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Monday, March 29, 2010

The 'Why' Of Makmende!

As i write this, someone somewhere online must be adding another Makmende-ism such as 'Makmende ordered Pizza in Kenchic AND GOT IT!'. People have speculated why he has become such a success and some have attributed it to Just-A-Band's innovation as a group, which is true but to me, I daresay, that isnt the whole story.

The underlying story to Makmende's success (I add again, according to me) has been his function in the eyes of the young people of today. As Kenya's first super hero, he represents what many of us hope that our own leaders would. The term 'super-hero' was coined in 1917 and as per Wikipedia, is used to describe 'a type of stock character possessing "extraordinary or superhuman powers" and dedicated to protecting the public'.

So far, none of our leaders have portrayed this character trait, thus the need for Makmende. Super-heroes are mostly needed in a time of great crisis, which is why, starting with 'Superman', they became really famous in American literature of the 1930's. The Great depression had hit; crime, bootlegging and the whole 'man-eat-man' philosophy was on full swing.

Being a lover of all films old, the first time I watched the 'Ha-He' video, I was reminded of Bernie Casey in 'Hitman' and the 70's era of Blaxploitation when films were made to target Black America. They either re-did films like 'Get Carter', 'The Defiant Ones', 'Dracula' or they wrote their own like Shaft, Super Fly and Detroit 9000. Films were so made because despite the amount of quality that came out of Hollywood during its undisputed Golden Age, the black community still felt left out because they were still being raised to look up to the white man - which didnt help, considering the rampant racism then.

Makmende, therefore, is this to us; our very own 'Kenyasploited' super hero. A man who has stepped in and filled the gap left by statesmen such as Tom mboya and JM Kariuki. A man incorruptible, sticking to his own moral code that all young people identify with.

On the flip side, one may ask 'How is it that someone who once went to the British Virgin Islands and left them called the British Islands can suddenly become a role model?' This is where our colonised history comes into play. African stories have heroe's. However, our heroes are born heroes and aside from the very small majority, remain heroic throughout their lives. This is because our stories had purpose. They were deliberately instructional. The majority did not factor in the inherrent human ability to be flawed because we needed to raise our children with a perfect ideal because, unfotunately, failure did not just involve them but rather, they had to shoulder the responsibility of knowing that their actions reverberated through the whole community. European education brought us a culture different from ours. From Macbeth to Falstaff and even the Greek heroes like Oedipus and even the biblical Samson, were all men who as Africans, we were taught to hate but because we are all fundamentally human, we grew to love because despite their flaws, they worked at improving things in their little sphere of influence.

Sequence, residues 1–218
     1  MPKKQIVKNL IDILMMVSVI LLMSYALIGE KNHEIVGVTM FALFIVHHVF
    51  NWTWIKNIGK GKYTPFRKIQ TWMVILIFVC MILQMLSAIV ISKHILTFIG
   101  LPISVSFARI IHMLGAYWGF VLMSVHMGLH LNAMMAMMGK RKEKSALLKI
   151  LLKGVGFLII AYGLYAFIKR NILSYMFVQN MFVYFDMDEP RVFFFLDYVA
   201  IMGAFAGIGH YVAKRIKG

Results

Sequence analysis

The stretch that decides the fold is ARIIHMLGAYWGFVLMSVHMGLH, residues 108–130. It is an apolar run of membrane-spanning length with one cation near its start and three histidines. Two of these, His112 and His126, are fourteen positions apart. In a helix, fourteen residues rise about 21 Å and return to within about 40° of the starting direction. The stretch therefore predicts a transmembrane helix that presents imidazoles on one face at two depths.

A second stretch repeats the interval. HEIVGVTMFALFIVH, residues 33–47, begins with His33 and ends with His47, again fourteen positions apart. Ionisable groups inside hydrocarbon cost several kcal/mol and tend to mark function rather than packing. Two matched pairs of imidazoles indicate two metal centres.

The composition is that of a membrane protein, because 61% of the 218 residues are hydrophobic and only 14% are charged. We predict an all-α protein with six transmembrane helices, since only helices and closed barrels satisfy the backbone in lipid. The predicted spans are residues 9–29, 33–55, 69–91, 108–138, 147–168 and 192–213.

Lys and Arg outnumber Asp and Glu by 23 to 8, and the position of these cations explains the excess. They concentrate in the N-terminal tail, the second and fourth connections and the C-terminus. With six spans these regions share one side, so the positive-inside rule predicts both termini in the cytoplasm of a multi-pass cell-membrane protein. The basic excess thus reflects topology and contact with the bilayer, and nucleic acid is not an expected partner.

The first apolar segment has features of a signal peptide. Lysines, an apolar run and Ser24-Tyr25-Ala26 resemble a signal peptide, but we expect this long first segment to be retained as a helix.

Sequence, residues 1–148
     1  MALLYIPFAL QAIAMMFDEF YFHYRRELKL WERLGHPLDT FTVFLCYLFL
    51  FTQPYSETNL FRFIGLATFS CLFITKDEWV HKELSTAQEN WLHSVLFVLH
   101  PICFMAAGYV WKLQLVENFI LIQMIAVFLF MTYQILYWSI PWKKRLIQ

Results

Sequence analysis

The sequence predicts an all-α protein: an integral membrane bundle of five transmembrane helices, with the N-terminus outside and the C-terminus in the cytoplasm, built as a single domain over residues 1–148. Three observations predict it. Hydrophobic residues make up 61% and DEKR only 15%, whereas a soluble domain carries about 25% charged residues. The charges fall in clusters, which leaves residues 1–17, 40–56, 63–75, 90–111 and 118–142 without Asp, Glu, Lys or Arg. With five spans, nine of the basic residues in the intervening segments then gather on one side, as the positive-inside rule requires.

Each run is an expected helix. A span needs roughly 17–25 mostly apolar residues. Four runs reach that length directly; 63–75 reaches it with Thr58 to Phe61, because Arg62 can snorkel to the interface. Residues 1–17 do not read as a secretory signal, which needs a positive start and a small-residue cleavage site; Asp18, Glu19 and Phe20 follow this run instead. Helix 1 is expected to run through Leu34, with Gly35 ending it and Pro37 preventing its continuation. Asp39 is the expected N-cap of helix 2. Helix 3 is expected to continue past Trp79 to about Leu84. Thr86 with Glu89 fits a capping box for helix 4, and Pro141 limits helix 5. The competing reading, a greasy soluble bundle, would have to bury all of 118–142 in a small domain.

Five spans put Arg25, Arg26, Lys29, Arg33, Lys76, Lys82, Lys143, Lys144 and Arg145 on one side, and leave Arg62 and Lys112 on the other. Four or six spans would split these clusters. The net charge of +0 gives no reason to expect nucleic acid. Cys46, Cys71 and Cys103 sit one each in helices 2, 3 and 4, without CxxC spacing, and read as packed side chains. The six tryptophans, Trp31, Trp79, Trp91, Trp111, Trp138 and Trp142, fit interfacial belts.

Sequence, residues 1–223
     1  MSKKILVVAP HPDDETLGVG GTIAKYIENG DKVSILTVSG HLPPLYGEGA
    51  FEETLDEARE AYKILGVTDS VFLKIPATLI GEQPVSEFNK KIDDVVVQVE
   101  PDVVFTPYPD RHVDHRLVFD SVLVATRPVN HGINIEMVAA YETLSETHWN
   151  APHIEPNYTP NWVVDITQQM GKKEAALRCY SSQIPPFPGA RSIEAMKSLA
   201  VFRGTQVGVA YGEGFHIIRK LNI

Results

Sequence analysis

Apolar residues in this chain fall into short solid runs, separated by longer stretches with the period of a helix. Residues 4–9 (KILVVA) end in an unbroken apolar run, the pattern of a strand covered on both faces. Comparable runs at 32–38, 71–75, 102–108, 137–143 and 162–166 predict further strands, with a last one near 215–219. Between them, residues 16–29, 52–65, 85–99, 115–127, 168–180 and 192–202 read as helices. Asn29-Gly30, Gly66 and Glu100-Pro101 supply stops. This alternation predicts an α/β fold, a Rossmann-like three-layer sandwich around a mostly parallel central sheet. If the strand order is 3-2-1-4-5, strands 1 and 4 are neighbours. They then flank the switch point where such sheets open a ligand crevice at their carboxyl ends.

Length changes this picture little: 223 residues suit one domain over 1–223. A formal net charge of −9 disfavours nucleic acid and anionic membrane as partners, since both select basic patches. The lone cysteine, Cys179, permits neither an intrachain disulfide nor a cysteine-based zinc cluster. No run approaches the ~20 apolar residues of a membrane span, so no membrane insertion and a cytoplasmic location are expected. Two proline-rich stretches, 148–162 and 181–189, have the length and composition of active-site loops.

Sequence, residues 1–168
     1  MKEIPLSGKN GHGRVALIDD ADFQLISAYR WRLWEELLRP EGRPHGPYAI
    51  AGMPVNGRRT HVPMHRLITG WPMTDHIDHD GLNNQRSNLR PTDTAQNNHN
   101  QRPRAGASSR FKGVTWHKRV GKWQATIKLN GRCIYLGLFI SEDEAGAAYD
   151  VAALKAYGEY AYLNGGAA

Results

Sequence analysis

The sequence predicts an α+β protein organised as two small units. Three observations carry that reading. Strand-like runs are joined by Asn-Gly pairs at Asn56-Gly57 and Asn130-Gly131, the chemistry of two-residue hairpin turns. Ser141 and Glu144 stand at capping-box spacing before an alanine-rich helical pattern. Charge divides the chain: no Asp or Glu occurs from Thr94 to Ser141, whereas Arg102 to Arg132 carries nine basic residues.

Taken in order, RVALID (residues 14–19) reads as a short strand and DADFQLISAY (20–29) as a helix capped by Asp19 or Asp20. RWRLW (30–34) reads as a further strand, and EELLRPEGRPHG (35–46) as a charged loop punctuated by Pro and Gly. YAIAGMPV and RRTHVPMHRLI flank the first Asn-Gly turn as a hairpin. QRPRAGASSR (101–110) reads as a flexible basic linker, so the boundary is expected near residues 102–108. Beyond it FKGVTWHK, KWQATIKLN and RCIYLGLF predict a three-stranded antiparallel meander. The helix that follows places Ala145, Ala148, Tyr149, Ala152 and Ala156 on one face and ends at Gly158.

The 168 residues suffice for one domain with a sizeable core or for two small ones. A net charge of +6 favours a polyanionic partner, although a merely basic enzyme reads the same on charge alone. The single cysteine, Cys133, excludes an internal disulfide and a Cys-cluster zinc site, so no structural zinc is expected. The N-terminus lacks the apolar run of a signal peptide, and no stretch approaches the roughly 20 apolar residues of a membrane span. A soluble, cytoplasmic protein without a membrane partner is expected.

We look up to Makmende not because he is of such high moral character that he is incorruptible, rather, he is so bad that corruption is below him! He does not have a large following because he is a stand up guy, rather, because he has such a short temper that not following him is just not an option. we trust our wives, girlfriends and daughter with him not because he has taken a vow of celibacy but because he knows he is such a good lover that he is picky over who he chooses to 'bless' with his ability.

At the end of the day thats who we all want. Not a man (or woman) we cannot identify with because they do not have any flaws, instead, a person who despite their flaws, works through them to attain the greater good. Remember John Rambo? Clint Eastwood as Blondie? Lwanda Magere? Batman with all his inner demons and even recently, Hancock?

We all love Makmende because he shows us that if we applied ourselves as he does, knowing we are full of error but not focussing on them, we could actually find ourselves becoming better people.

I hope an MP reads this.

Friday, March 12, 2010

Sojourner Documentary and Short Film Festival : Call for Entries!!!

Sojourner Documentary and Short Film Festival (SDSFF) is a one-week annual event to be hosted in the month of August. It one of the activities of Sojourner Ltd whose aim is:

-Showcasing distinct African points of view through quality, engaging visual media narratives (documentaries, experimental film, animation, short film and video productions)
-To foster mutual understanding between cultures
-Heighten awareness of the art, craft and business of filmmaking
-Midwife networking, training, sponsorship and distribution opportunities for both upcoming and established practitioners and stakeholders in visual media.
-Have a strong hand in the development of an arts micro-economy in our area of operation
The festival is also an important debuting arena for upcoming documentary and short filmmakers in the East and Central African region

The innaugural Festival, which is scheduled to take place from August 10th - 17th at the Kenya National Theatre, Nairobi, KENYA, has launched its call for entries today. We are looking for documentaries and short films created between July 2009 and July 2010.

Details of the submission terms and conditions can be obtained here as well as the Festival Submission form. The early submission deadline is June 1st 2010 and the final deadline is the June 15th 2010.